Remembrance Day used to be a big event in the Hong Kong calendar, but has languished post handover. It would be a pity not to mark the brave but doomed efforts of the defenders, and the suffering of Hong Kong citizens during the four-year Japanese occupation. So a ceremony has been scheduled for Thursday, November 12 (the day after Remembrance Day), at the City Hall Memorial Garden in Central – not the former venue of the Cenotaph – where wreaths will be laid.

A couple of books have brought the horrors of that time more clearly to my mind: Hiroshima Joe by Martin Booth and Fragrant Harbour by John Lanchester. Both vividly evoke the war years, and convey the sense of chaos and confusion as the defenders faced the Japanese. No wonder the most detailed history of the defence of Hong Kong is called Not the Slightest Chance (by Tony Banham), which echoes a quote from Sir Winston Churchill.

But the best way to bring history to life is to pull on your boots and visit the places where it occurred. The Gin Drinkers Line (named for Gin Drinkers Bay, now part of Kwai Fong) was a 13-mile “Oriental Maginot Line” of pillboxes, lookout positions and artillery observation posts that snaked through difficult terrain north of Kowloon. The lynch pin was the Shing Mun Redoubt, which is the focus of this month’s walk. It comprised an intricate tunnel network linking pillboxes, bunkers, a Command Post and artillery. The tunnels are named after famous London streets, such as Shaftesbury Avenue, Piccadilly and Charing Cross.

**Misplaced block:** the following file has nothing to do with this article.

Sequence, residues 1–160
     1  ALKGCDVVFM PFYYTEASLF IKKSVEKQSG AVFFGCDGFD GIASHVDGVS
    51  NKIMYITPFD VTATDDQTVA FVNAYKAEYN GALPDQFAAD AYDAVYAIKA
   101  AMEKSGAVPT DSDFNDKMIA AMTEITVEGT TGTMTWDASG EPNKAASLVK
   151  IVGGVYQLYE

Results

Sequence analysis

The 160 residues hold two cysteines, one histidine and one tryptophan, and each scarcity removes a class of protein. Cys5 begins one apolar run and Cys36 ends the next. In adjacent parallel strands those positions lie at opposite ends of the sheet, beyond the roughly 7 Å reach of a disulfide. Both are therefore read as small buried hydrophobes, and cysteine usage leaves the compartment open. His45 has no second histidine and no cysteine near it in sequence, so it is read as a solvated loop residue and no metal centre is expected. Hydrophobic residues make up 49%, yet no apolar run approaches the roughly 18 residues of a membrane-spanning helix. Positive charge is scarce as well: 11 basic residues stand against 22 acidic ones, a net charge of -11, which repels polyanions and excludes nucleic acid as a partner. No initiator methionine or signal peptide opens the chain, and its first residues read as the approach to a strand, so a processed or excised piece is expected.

The bullet-scarred remnants of these fortifications being reclaimed by the forest are all that remain of a battle that was over almost before it started. It’s worth stopping a while, reading the information, and soaking up the rather melancholy atmosphere.

To get there, take a taxi (there are car parks if you plan a round trip) to the start of Stage 6 of the MacLehose Trail on Tai Po Road, and stroll alongside the Kowloon Reservoirs. You’ll soon become aware of a modern invader – hordes of rhesus macaques.

Although there were monkeys indigenous to Hong Kong, it is thought this population originated from animals released during the construction of the reservoirs, supposedly to consume the fruit of the strychnos plants. These days, however, they seem to rely on food from visitors or left in the rubbish bins, and they are growing rather large and aggressive in consequence. Please heed the warning signs and don’t consume any foodstuffs in front of them.

The walk to the Shing Mun Redoubt is an easy 4.6 km (90 minutes). Follow the signs for the MacLehose Trail (not the Wilson Trail). If you’re doing a return trip, follow the “M” signs one way, and “W” the other. This stage finishes at Shing Mun Reservoir, where you can picnic. To leave, head to the west of the reservoir and connect with Shing Mun Road to catch a cab.

Finally, best wishes to the Trailwalkers – you have more stamina than me!